JAKARTA—Ever since I stumbled upon the Lamy Scribble, I knew I had to have it, despite a history of buying fine quality ballpoint pens, which I would neglect, and eventually, lose afterwards. (Fortunately, this hasn’t happened to my fountain pen acquisitions, save for one painful incident involving a Montblanc Meisterstuck 146 that, I believe, was plucked from my backpack while relieving myself in a restroom in SM North. To that culprit whom I have yet to forgive: I admire your timing more than your taste in fine writing instruments. But I digress.)
Anyway, a few years back, I bought a black Lamy Pico in Europe, by far, the only item of consequence I got while visiting the City of Light.
Shortly after arriving in Manila, I lost it after sending my jeans to the laundry with the pen still in one of the pockets. I’ve never seen the pen since.
After pining for the Pico for a couple of years, I thought about getting one online since Lamy in the Philippines didn’t carry it at that time. These thoughts went unheeded after Lamy began to sell the Pico in Manila two years ago. So I got myself one last year, prompting me to always empty my pockets before I send stuff to the laundry.
Now, I have to be extra careful.
I bought another ballpoint pen—the Lamy Scribble—at the Gunung Agung bookstore at Senaya City.
When I saw the Scribble, I couldn’t believe it.
It sat inside a display case, basking in the soft glow of a small spotlight.
This was the same pen that I was prompted to buy online last year because Lamy in the Philippines didn’t—and still doesn’t—carry it. The pen seller in Kuala Lumpur was so grateful for my business he even asked through email why I refused to claim it. (Here’s why: The Philippines’ Customs bureau levied a tax that was worth more than the pen’s price; a tax that I remain unwilling to pay for. I forfeited it and the courier told me that the item was to be auctioned off.)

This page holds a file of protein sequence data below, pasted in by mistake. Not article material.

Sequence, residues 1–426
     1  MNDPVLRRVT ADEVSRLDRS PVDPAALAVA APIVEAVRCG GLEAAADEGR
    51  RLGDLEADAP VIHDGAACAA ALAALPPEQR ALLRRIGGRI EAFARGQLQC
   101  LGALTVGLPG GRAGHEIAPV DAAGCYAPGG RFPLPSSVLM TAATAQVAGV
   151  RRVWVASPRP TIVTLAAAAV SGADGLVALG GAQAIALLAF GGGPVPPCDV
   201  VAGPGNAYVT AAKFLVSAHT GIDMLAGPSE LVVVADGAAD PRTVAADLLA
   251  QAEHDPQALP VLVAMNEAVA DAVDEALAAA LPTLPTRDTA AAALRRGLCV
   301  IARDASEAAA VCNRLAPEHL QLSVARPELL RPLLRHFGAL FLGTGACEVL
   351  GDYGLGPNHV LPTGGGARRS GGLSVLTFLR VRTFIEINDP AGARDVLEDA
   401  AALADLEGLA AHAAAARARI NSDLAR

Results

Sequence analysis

I then gave up on my dream of getting a Lamy Scribble until I happened to drop by the Gunung Anung, a bookstore that had a stall that sold Lamy pens, including the Scribble.
Without thinking twice, I approached the soft-spoken Lamy sales staff and said that I would be buying the pen, even before examining it. I spoke in Filipino—which some Indonesians understand better than say, English—and, in a few seconds, the language of commerce transcended our constraints.
So here I am now, fiddling with the Lamy Scribble while thinking about where to put the Pico. Should I retire it? Leave it by the bedside table?
It’s too early to tell.
After all, I’m still keeping my fingers crossed.
I have to take two flights before I finally arrive home and only god knows what will happen once I get accosted by the Customs people.